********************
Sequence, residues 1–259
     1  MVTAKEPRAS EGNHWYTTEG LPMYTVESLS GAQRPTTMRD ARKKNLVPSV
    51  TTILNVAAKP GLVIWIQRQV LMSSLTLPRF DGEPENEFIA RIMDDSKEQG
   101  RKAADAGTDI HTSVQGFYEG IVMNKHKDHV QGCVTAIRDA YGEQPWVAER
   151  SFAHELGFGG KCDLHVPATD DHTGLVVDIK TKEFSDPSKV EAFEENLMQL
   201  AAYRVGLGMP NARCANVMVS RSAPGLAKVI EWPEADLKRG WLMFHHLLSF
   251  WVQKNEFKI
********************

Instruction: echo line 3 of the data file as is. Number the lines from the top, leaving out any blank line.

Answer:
    51  TTILNVAAKP GLVIWIQRQV LMSSLTLPRF DGEPENEFIA RIMDDSKEQG